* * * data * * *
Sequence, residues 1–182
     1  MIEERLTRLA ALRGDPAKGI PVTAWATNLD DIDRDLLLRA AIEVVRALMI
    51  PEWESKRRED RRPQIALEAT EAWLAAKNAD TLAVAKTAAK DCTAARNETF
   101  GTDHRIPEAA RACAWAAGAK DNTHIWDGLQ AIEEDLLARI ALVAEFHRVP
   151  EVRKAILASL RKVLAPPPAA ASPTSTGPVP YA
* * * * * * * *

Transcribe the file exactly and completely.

Sequence, residues 1–182
     1  MIEERLTRLA ALRGDPAKGI PVTAWATNLD DIDRDLLLRA AIEVVRALMI
    51  PEWESKRRED RRPQIALEAT EAWLAAKNAD TLAVAKTAAK DCTAARNETF
   101  GTDHRIPEAA RACAWAAGAK DNTHIWDGLQ AIEEDLLARI ALVAEFHRVP
   151  EVRKAILASL RKVLAPPPAA ASPTSTGPVP YA